When I covered Clarett for Sports Forecaster two years ago, he stuck me as callow, immature, and moody, a pouter tied a little too tightly to his mom's apron strings. He struck me as a young man all-too eager to accept the worst advice and take the easy way out whenever possible.
In other words, he seemed like a teenager. And of course he was. And now he's 21 years old, old enough to buy a beer but not necessarily old enough to make brilliant career decisions.
We expect our young athletes to be preternaturally mature like Peyton Manning, or so overwhelmingly gifted like LeBron James that they can be instantly encased in a multi-million dollar cocoon, protecting them from minor judgment lapses. But Clarett was neither of those, nor was he a vicious, violent thug like Lawrence Philips. He's a talented kid who doesn't like to be uncomfortable and doesn't realize that discomfort is part of growing up. He's like the former students who e-mail me or see me on the street and tell me how college didn't work out, how they're going to work at Wawa for a year until they figure things out. Or he's like I was at 21, screwing up my first job because I still had one hand on a keg tap.
I think, though, that I'm the only sportswriter in the world who was ever 19 years old, or 21, or who ever knew anyone that age. The ESPN sports-yakkers, all 300 of them, have lined up to take their shots at Clarett in recent weeks. Jim Rome, the PTI guys, Joe Theisman, you name 'em, they all piled on. There's something unseemly about middle aged journalists incessantly bashing a near adolescent, not for drinking and driving or beating a girlfriend or lying to Congress about steroids, but about nursing an injury and reacting badly to the pressures of training camp. It was all overblown, self-righteous, and lazy: potshots taken at a target that was already crashing to earth.
Clarett was the last of 37 players drafted in the third round this year. For the other 36 players, their efforts to make their teams are minor news: Four Downs news, not "Around the Horn" news. If Rome or Steven A. Smith mentions Clarett again, they should be required to put together a couple of intelligent sentences about third-rounders like Nick Kaczur or Leroy Hill. That way, we'll know they are actually talking about football, not just whipping the most convenient mule.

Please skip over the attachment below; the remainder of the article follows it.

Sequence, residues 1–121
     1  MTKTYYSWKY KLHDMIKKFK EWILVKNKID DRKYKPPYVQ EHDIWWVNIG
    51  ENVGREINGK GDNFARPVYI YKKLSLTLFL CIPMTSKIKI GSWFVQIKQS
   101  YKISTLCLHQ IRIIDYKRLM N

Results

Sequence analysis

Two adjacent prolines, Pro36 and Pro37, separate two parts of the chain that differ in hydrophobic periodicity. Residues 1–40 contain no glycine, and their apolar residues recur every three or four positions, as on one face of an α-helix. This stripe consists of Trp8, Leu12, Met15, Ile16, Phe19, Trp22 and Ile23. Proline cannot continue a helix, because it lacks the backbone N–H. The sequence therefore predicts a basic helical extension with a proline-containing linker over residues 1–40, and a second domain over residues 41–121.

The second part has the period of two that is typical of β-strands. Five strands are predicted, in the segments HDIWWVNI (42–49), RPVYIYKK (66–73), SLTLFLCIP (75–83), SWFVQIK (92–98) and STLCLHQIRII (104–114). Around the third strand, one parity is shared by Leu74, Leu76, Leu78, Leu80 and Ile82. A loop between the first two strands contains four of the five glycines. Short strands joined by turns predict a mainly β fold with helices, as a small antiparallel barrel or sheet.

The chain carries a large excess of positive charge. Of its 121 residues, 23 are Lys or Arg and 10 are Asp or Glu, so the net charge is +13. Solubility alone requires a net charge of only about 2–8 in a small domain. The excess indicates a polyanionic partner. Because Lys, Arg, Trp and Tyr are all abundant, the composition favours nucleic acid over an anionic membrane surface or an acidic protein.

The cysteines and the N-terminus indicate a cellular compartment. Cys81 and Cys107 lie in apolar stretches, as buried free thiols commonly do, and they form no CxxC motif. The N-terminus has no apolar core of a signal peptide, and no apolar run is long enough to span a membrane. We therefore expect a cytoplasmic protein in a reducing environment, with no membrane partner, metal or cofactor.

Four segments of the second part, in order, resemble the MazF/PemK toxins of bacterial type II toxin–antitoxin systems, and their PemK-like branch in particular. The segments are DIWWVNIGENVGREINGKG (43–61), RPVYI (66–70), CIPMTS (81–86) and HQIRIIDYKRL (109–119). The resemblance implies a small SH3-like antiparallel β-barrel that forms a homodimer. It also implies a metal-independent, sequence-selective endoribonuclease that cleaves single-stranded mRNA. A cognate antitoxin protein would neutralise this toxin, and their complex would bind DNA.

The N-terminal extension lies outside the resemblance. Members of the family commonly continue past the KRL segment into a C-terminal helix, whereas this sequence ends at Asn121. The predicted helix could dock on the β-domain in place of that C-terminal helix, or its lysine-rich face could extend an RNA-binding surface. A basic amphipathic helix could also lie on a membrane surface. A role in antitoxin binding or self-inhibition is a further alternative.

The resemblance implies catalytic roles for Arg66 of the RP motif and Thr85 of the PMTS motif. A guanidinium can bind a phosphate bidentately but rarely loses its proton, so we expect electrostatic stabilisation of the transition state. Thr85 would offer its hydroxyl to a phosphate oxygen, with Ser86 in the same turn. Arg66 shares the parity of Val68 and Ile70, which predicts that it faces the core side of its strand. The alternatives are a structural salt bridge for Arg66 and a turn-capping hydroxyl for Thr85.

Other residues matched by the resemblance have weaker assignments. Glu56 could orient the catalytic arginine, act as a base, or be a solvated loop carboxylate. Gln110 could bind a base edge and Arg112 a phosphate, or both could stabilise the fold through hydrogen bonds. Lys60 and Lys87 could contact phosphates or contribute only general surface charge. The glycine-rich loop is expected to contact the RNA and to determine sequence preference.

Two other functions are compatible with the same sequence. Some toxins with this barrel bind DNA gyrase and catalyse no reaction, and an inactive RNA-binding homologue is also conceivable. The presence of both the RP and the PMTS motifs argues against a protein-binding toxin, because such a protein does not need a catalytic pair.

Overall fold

The Chiefs faced a double-whammy at linebacker for years. Their starters weren't very good, and there was almost no depth behind them. The only thing worse than watching Shawn Barber and Kawika Mitchell play was worrying that they would get hurt and force Quniton Caver into the lineup.
This year, the linebacker problem appears to be solved. Free agent Kendrell Bell, Mitchell, and rookie Derrick Johnson are the starters. And there is plenty of depth behind them.
Bell didn't play in the team's first two preseason games, but he's not hurt; the coaches are just limiting his work to keep him healthy. Johnson has been playing with the first team but is clearly still learning. The big story in the preseason has been Mitchell, who seemed to catch on to Gunther Cunningham's scheme late last season and has picked up where he left off in exhibition play.
Behind the starters are rookies Kris Griffin and Boomer Grigsby, second-year players Rich Scanlon and Keyaron Fox, and veterans Gary Stills and Scott Fujita. Griffin, an undrafted rookie from Quahog -- oops, Indiana, Pennsylvania -- has been starting in Bell's absence. Scanlon and Fox made names for themselves in minicamp, though Fox has been battling injuries. Grigsby, a fifth round pick, may be Mitchell's backup in the middle. Stills is one of the best special teamers in the NFL. Fujita appeared to be the odd man out before a great game against the Cardinals. He has experience as a starter and has proven effective as a pass rusher.
Hardly lost in the shuffle was former starter Mike Maslowski, who hasn't played since injuring his knee late in the 2003 season. Maslowski has been working hard at rehab but won't be ready for the start of the season. The Chiefs made it clear that they would re-sign Maslowski if/when he's ready to play, but the linebacker is battling back from tibial osteotomy, a major procedure that often marks the end of an athletic career.